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The Income Chasm in New York City

by HOWARD LISNOFF

Census data from the 2010 Census about poverty in New York City came as no surprise. In “New York City Poverty Rate Rises As Gap Between Rich And Poor Widens,” (The Huffington Post, September 20, 2012) reports that poverty in the city rose for a third straight year with about 74,000 people falling below the poverty line of $11,500 for a single person ($23,210 for a family of four). The Post cited a New York Times report that 21 percent of New Yorkers were considered poor, while the top fifth income bracket in the city had income of $223,285, up $1,919 from 2010. The median income of the lowest fifth, however, was $8,844, a decrease of $463 from 2010. Manhattan recorded a jump of 1.9 percent in poverty in 2011, with the Bronx having the highest poverty rate of the five boroughs at 30.4 percent. The article quotes a spokesperson for Mayor Michael Bloomberg, stating that the Times report “mirrored a national trend.”

I recently spoke with Sarah, a worker at a homeless shelter in Manhattan, to talk about the issues of poverty and race. Sarah began our discussion with a comment about the cost of housing in the city. She stated that the average cost of a one room apartment in the city is $3,300 a month. With the high cost of housing and the increasing rate of poverty in the city, Sarah asked, “At that cost, where are poor people supposed to live?”

According to Sarah, there are no new Section 8 (federal housing subsidies) to be had, and the city got rid of the Work Advantage program three years ago. “They got rid of this rental subsidy program for people who came out of drug treatment programs, which left this homeless class of people paying rent at the going market value.”

New York’s Human Resource Administration and the Department of Homeless Services require that homeless people “work full time and save 60 percent of their income for an apartment. Most people are being pushed into $8, $9, or $10 per hour jobs that can’t nearly reach the 60 percent income threshold for housing costs. The homeless also can’t be expected to pay for other necessities with the hourly wages that are currently paid.”

Sarah spoke about the state of job training programs in the city. “Job training programs are not encouraged because they’re not work programs. School is completely out. So there are no paths for people to follow to improve their income earning potential.”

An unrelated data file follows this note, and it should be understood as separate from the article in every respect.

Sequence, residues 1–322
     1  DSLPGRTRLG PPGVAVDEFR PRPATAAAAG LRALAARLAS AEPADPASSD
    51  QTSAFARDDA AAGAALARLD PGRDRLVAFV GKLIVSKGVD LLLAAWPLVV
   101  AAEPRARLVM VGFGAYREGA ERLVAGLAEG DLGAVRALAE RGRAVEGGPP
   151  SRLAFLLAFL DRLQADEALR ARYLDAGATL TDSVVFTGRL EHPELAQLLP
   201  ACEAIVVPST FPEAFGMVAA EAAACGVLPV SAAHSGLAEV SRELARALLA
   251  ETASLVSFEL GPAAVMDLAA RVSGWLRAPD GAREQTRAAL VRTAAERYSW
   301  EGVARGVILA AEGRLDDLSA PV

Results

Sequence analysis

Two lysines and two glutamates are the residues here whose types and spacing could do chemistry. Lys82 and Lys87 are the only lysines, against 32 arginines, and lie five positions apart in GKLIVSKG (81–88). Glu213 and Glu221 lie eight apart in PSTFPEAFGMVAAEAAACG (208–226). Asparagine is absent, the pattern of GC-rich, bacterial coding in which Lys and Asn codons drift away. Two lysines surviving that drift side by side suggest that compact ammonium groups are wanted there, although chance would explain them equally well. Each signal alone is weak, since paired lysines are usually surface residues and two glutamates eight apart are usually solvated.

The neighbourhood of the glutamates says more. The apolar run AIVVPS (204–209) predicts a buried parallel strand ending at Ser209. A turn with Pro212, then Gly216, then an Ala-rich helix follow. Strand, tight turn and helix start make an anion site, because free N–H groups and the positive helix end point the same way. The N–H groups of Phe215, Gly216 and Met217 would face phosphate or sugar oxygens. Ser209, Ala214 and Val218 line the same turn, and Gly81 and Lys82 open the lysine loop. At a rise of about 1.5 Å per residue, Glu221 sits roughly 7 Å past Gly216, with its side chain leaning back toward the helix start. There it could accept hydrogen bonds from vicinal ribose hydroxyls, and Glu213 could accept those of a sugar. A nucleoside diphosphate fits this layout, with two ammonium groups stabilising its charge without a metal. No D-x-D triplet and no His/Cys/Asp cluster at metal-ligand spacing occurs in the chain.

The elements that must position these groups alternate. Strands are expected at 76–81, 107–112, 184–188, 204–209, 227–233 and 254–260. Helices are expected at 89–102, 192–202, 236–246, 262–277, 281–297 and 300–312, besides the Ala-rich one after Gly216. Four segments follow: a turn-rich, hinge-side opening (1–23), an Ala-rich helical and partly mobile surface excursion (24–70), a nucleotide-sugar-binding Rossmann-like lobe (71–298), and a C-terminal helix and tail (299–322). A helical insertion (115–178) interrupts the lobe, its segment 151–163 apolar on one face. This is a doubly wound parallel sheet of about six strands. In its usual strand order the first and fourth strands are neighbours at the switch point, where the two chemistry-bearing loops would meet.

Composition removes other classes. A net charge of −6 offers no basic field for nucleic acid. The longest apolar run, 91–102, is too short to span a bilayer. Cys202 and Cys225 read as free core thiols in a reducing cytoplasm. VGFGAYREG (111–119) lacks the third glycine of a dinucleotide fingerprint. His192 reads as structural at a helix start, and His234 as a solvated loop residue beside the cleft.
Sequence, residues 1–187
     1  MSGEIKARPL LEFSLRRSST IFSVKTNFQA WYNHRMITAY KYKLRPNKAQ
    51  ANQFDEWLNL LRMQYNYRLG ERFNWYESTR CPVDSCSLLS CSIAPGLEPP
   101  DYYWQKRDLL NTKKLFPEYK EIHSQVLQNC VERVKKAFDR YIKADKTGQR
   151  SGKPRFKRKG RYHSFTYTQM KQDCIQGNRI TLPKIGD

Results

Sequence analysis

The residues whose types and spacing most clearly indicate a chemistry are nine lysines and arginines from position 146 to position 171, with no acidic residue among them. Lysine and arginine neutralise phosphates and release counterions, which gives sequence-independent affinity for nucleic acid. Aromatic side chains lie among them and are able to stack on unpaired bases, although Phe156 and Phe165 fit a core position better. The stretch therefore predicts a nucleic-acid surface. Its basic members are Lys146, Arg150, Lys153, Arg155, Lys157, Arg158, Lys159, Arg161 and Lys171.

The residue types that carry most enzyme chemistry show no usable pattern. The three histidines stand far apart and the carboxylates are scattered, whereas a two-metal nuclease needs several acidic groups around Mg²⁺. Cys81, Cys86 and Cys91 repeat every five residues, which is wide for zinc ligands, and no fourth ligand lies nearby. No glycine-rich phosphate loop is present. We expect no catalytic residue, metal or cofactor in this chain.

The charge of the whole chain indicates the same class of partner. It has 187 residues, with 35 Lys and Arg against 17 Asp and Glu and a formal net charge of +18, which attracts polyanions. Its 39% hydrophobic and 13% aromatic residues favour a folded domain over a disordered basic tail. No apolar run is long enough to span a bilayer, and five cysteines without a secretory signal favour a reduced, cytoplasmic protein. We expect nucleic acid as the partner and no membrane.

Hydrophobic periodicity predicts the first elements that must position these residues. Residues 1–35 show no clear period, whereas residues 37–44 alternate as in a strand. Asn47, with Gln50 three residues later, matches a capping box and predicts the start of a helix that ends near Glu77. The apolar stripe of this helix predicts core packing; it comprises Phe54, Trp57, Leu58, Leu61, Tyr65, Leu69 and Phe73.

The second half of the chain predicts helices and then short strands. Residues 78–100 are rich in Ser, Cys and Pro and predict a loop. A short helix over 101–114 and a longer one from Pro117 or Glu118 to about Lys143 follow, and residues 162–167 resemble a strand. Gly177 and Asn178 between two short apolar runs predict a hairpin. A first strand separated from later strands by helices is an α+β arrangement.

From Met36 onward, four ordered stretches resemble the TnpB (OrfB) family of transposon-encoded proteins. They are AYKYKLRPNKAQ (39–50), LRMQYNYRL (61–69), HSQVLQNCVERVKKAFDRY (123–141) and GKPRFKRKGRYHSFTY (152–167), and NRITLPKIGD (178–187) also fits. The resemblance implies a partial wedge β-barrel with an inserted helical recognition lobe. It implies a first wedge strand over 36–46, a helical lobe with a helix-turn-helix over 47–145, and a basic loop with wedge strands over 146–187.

Back to the subject of housing, Sarah observed, “Do the math: people end up back in single room occupancy units (SROs) at $500, $600, or $700 per month. And the SROs are depressing. Living in a single room long term is both sad and impossible with children.”

Sarah sees the process of gentrification, which has been going on for decades in New York City as one of the causes of the perfect storm of homelessness that she sees daily. “Gentrification is the result of a political and an economic system that caters to the rich. The city is so gentrified that even the original gentrifiers can’t afford to live here anymore. Housing in the borough of Manhattan is not even affordable to college graduates any longer.”

The homeless shelter that Sarah works in provides services for men. Most men who use the shelter have no family, have developmental disabilities, are illiterate, and have behavioral problems.  Sarah says that the system “tells them to get a job.” Almost all of the men in the shelter are black or Hispanic. The system is “punitive” according to Sarah. “If the men don’t go into the city’s work programs, then they try to filter them into $8 per hour jobs. Back to work programs are places where men wait until they’re offered dead-end jobs. Most of the men of color in the program have petty criminal offenses in their records that make it even harder for them to even get $8 per hour jobs.  And rooming programs require credit checks that the men’s petty offenses may turn up on.”

Sarah sees several forces working against black men who use the shelter. They have to deal with criminal records for petty offenses, they’re displaced by gentrification, and the result is that there is an ongoing destruction of existing black communities. They don’t have the kind of education to succeed in this economy and they can’t subsist on $9 per hour jobs. She views the city’s stop and frisk policy as a purposeful effort to give people criminal records. Since 2002 the city has conducted five million stop and frisks, a policy of both the Bloomberg administration and the New York Police Department that has been ruled unconstitutional by a federal district judge. “Judge Rules NYPS ‘Stop and Frisk’ Unconstitutional, Cites ‘Indirect Racial Profiling’” (Democracy Now, August 13. 2013).

Sarah’s experiences as a worker at a homeless shelter are reflected in Census data and the continuing and widening gap between the haves and the have nots. Her account of what is happening to a segment of the population in New York City is a telling indictment of the system of Jim Crow and the war on the working class that lives on in this nation today.

Howard Lisnoff is a freelance writer. He can be reached at howielisnoff@gmail.com.

 

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Howard Lisnoff is a freelance writer. He is the author of Against the Wall: Memoir of a Vietnam-Era War Resister (2017).

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